Power imbalances and sexual harassment

A University of Washington study finds people are more apt to believe sexual harassment claims by women who are young, “conventionally attractive,” and appear and act feminine, while women who don’t fit that prototype not only are less likely to be believed, but also are presumed to be unharmed by harassing behavior. (Aleksandr Rybalko/Dreamstime/TNS)
A University of Washington study finds people are more apt to believe sexual harassment claims by women who are young, “conventionally attractive,” and appear and act feminine, while women who don’t fit that prototype not only are less likely to be believed, but also are presumed to be unharmed by harassing behavior. (Aleksandr Rybalko/Dreamstime/TNS)

Credit: TNS

Credit: TNS

If the movement sparked by #MeToo focuses only on taking down individual bad actors, it will leave intact the workplace structures that enable and protect the powerful.

In recent weeks, multiple women have reported demeaning and sexualized workplace behavior by New York Gov. Andrew Cuomo. In response, Cuomo has issued a combination of denials, defenses and apologies.

Much of the public analysis of his statements has focused on the adequacy of these apologies – whether he took sufficient responsibility or expressed sufficient remorse.

Apologies deserve attention. They can help right wrongs and heal relationships.

Yet in the focus on apologies, an opportunity is missed to learn something about power. Power, after all, is at the heart of sexual harassment.

‘Unwanted imposition’

As Catharine MacKinnon, the architect of modern sexual harassment law, has argued, sexual misconduct at work can be defined as “the unwanted imposition of sexual requirements in the context of a relationship of unequal power.”

Charlotte Alexander
Charlotte Alexander

Credit: contributed

Credit: contributed

If responses like Cuomo’s are viewed through a power-informed lens, different patterns emerge. In my own study of over 200 such statements, I found many references to the accused’s own long careers, to their many professional accomplishments, and to their excellent reputations. In short, when challenged, the men in my study (and all but three were men) did what came naturally: They reached for their power.

This pattern is connected to another theme that I discovered in the statements I studied: repetition of explanations and defenses centered on the accused person’s own subjective intent and perceptions.

It’s me being funny. I’m not trying to sexually harass people,” for example, or “I come from a very different culture,” or “I remember trying to kiss [her] as part of what I thought was a consensual seduction ritual.”

However, the accused’s intentions, thoughts or beliefs – so central in the statements I studied – are only peripheral under sexual harassment law.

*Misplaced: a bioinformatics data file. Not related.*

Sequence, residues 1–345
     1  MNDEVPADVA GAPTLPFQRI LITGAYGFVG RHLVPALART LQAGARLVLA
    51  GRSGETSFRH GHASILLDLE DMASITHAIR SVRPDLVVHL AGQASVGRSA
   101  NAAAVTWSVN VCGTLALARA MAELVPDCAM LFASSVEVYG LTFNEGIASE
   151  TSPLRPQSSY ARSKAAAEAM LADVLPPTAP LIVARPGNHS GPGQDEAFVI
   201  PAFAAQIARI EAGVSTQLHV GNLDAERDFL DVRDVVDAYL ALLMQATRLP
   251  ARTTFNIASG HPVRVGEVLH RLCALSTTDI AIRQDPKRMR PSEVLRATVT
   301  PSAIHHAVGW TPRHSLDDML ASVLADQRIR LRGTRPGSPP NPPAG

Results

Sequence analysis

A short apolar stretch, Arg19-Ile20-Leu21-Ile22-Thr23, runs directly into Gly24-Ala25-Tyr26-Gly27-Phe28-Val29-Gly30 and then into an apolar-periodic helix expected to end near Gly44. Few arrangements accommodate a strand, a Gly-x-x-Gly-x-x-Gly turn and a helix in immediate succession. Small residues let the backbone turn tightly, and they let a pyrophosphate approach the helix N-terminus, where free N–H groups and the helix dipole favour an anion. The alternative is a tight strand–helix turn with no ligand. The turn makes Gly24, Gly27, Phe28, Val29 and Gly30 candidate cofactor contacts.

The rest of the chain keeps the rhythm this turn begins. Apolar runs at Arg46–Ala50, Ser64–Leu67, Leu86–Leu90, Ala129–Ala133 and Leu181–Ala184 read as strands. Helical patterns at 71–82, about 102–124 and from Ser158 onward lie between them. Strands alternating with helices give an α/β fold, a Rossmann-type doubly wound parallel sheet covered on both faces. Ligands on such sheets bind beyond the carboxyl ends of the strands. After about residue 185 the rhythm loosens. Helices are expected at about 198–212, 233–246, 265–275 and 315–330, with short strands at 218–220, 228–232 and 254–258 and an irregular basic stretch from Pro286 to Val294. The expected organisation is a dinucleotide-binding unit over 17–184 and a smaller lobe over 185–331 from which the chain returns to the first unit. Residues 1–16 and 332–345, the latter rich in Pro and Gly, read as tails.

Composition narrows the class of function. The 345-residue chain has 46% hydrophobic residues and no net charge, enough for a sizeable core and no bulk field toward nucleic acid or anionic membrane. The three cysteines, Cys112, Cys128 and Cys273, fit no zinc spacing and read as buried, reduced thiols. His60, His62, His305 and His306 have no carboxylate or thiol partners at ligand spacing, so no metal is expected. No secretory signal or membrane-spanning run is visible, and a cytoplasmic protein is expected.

Not a joke

Under Title VII of the Civil Rights Act of 1964, the main federal law that covers workplace discrimination and harassment, an employee may sue her employer when she has experienced severe or pervasive workplace harassment.

Severity and pervasiveness are judged subjectively, from the harassed person’s point of view, and objectively, in the view of a theoretical “reasonable person.” The law also requires that the conduct be unwelcomed by the harassed person.

Though different courts have interpreted these requirements differently around the edges, sexual harassment cases do not turn on whether the harasser thought his conduct was a joke, or culturally acceptable, or ritualized seduction.

Instead, the law’s subjectivity and “welcomeness” requirements ask a superior – like Cuomo – to evaluate his own conduct from his subordinate’s point of view. Superiors who want to avoid committing harassment to begin with (before anything gets to a judge, jury, or media story) need to step outside their own perspective.

This requires empathy. And the more power that a person wields in the workplace, the more difficult it may be to step outside one’s own position and consider the circumstances from another person’s perspective.

‘I never intended’

Here is where Cuomo’s responses are revealing.

In his first official statement, released on Feb. 28, 2021, out of 18 “I” statements, over half were versions of “I never intended,” “I was being playful,” or “I do, on occasion, tease people.”

Cuomo followed suit in his press conference on March 3, repeating over and over variations on the “I never intended” or “I never knew” or “I didn’t mean it that way” theme.

These statements suggest that, over his long career, Cuomo did not pay attention to the effects of his words and actions on his subordinates, and that the power of his position may have reinforced his heedlessness.

The U.S. Equal Employment Opportunity Commission warns about just this type of scenario in its list of harassment risk factors: “High value employees may perceive themselves as exempt from workplace rules or immune from consequences of their misconduct.” Workplaces with significant power imbalances, too, make the risk factor list.

If the movement sparked by #MeToo focuses only on taking down individual bad actors, it will leave intact the workplace structures that enable and protect the powerful – and that produce statements like Cuomo’s. Ending sexual harassment requires a critical rethinking of workplace power, whether it flows from ownership of a company, management of an office, supervision of a shop floor or the office of the governor.

Charlotte Alexander is associate professor of law and analytics at Georgia State University.

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